These nurses particularly must function effectively as part of a medical team, or risk losing the patients' lives. This is a team that must often:
- Transport hurt/sick individuals from remote areas (disasters, war fields, ski slopes, mountains) to medical centers,
- Evacuate injured people from disasters,
- Provide effective medical support one or more patients that must have continuous care, and
- Provide care to adults, children, and infants.
Increasingly, these nurses attain the BSN degree, and some advance the master’s degree in flight nursing. The latter diploma combines the Acute Care Nurse Practitioner course with an intense focus on emergency skills and disaster settings. Bioterrorism injuries are a priority for treatment as well.
With all of these skills, training, certification, and experiences, transport nurses are extremely valuable workers.
Employment and Training
The dean of the Frances Payne Bolton School of Nursing at Case Western Reserve University in Cleveland, Ohio, declares flight nursing and transport nursing to be a rapidly growing field of endeavor. In 2002, her school began the first degreed flight nurses' training program in America.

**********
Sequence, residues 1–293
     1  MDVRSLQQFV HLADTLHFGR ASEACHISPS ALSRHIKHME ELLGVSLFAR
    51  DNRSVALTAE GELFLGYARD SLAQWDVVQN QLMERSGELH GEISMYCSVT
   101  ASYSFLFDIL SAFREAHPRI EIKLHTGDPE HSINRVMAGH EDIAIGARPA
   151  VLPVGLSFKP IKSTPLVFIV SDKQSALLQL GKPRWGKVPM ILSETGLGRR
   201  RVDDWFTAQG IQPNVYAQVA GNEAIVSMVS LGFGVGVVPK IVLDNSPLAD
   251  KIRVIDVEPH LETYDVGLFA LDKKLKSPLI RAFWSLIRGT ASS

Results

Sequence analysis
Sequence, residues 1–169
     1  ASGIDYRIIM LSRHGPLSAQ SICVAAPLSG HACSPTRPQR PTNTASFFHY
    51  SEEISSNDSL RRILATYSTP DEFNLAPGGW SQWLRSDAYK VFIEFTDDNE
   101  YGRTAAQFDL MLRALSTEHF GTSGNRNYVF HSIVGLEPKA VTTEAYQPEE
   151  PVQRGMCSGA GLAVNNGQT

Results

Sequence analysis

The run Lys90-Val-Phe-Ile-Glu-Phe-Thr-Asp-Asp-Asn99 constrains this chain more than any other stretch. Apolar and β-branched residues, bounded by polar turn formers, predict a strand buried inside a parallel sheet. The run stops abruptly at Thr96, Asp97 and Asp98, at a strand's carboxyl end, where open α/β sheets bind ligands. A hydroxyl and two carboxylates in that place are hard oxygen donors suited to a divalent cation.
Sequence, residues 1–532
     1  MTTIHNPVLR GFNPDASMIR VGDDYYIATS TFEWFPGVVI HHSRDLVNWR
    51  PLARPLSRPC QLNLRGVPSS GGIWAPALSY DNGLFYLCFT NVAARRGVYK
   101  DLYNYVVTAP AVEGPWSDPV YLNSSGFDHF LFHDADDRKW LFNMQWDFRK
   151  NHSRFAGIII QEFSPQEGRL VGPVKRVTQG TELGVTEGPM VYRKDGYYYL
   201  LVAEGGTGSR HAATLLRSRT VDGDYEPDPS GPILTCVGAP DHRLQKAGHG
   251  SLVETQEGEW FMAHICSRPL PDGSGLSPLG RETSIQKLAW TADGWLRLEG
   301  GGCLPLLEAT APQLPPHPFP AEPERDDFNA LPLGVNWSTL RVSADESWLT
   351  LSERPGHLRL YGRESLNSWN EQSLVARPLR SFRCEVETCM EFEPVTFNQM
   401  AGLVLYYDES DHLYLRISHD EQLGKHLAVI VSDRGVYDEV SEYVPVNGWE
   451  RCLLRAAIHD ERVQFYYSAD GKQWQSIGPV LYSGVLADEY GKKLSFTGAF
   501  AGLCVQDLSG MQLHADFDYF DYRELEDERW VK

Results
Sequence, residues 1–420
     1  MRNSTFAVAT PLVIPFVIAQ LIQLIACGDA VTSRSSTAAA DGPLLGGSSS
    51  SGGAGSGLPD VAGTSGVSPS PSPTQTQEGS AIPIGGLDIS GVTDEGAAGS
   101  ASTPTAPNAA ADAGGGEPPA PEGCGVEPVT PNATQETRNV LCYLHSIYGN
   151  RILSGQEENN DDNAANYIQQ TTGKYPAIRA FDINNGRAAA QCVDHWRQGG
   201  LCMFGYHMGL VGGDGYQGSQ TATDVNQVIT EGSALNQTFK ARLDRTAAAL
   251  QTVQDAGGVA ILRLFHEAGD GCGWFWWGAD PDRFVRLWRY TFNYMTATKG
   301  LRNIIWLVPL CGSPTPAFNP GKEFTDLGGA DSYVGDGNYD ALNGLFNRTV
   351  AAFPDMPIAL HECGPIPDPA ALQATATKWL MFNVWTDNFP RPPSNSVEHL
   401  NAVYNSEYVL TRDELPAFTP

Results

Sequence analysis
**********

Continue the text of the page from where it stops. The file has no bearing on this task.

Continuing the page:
Because of specialization in practice and the reorganization of healthcare America, we have a smaller number of medical centers that can provide emergency, trauma, and critical care services. Therefore, additional staff must transport patients to centers that can and do.
Read more about Dean May Wykle and her nursing programs at The Sky's the Limit.
- Air and Surface Transport Nurses Association - ASTNA
- Certified Transport Registered Nurse Exam Review
- Esslinger, J.L. The Roles and Contributions of Certified Transport Registered Nurses in Critical Care Ground Transport Today. Air Medicine Journal; 41(2): 177–189; 2022.